The government is being urged to put more resources into protecting kids from the sun while at school as a new study reveals some schools aren't very sunsmart.
The Otago University study judged 189 state primary schools on how they had implemented the Cancer Society's SunSmart Schools Accreditation Programme (SSAP) from 2005 to 2009 - the first four years the programme has been running.
The findings, released on Tuesday, revealed that sun protection policies in schools had improved, but more needed to be done.
SSAP includes promoting the use of sun protective clothing and sunscreen, encouraging children to play in the shade, staff role modelling and policy reviews.
"The clothing, the shade and policy changes are the more challenging things for the schools to do and those are the areas we hope the government will help the schools to achieve," the study's lead author Associate Professor Tony Reeder told NZ Newswire.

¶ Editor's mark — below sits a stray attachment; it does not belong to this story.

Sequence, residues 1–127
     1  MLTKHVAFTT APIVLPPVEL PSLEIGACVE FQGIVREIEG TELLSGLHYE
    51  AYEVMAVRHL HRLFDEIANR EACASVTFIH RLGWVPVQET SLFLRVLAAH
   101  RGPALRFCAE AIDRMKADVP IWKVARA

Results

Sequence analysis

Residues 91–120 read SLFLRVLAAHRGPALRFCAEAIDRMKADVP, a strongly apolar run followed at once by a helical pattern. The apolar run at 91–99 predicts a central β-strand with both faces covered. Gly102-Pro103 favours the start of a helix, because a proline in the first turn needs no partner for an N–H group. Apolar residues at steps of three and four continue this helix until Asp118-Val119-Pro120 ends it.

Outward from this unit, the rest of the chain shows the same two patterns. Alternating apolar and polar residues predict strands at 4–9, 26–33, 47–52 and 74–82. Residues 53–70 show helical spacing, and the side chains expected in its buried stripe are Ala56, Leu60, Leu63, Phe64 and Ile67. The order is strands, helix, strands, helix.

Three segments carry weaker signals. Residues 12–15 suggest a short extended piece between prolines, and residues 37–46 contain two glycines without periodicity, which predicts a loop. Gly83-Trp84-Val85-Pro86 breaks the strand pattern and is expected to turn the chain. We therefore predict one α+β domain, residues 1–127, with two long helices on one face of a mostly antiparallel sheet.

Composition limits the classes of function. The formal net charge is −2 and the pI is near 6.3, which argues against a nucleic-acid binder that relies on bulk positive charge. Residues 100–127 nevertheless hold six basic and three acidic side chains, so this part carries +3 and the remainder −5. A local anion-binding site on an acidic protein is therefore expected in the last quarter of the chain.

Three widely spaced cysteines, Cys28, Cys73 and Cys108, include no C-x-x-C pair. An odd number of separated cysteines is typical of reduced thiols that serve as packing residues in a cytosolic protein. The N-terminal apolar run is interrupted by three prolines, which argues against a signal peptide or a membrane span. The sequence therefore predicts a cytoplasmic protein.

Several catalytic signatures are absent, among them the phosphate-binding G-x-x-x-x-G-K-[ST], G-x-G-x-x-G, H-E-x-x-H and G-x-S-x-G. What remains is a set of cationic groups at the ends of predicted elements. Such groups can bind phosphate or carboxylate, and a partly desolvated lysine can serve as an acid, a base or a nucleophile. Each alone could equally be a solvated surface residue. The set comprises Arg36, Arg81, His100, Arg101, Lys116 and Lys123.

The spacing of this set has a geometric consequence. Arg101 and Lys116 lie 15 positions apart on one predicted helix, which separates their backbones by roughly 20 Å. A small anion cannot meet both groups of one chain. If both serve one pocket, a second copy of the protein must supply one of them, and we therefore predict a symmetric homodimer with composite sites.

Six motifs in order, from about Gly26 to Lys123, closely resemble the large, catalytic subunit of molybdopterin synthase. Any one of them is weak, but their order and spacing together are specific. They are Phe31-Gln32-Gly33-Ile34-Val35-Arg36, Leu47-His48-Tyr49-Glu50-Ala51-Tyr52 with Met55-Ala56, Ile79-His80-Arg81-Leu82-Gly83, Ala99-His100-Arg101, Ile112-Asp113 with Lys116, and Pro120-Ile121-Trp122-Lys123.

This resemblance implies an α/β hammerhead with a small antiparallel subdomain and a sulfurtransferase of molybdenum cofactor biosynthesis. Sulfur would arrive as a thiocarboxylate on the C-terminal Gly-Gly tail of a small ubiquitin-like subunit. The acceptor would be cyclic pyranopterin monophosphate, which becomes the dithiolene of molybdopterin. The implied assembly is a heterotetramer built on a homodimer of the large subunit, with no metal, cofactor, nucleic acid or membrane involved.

The study found 90 per cent of schools are meeting the criteria for "playing in the shade" - which means children that aren't wearing a hat play under shade - compared with 75 per cent in 2005.
About 75 to 80 per cent of schools are promoting the use of sunscreen and hats, compared to just over 60 per cent in 2005.
However, the weakest areas for most schools was encouraging the use of sun protective clothing and having adequate shade on school grounds.
Almost 60 per cent of schools did not have shade structures or provide sunscreen because the cost was too high.
Mr Reeder says sun protection should be treated like other health and safety issues and the government needs to take a more active role in helping schools become sunsmart, such as funding shade structures.
Northland and Auckland schools had made the fewest improvements, while Waikato, Bay of Plenty, Wellington, Otago and Southland were doing well.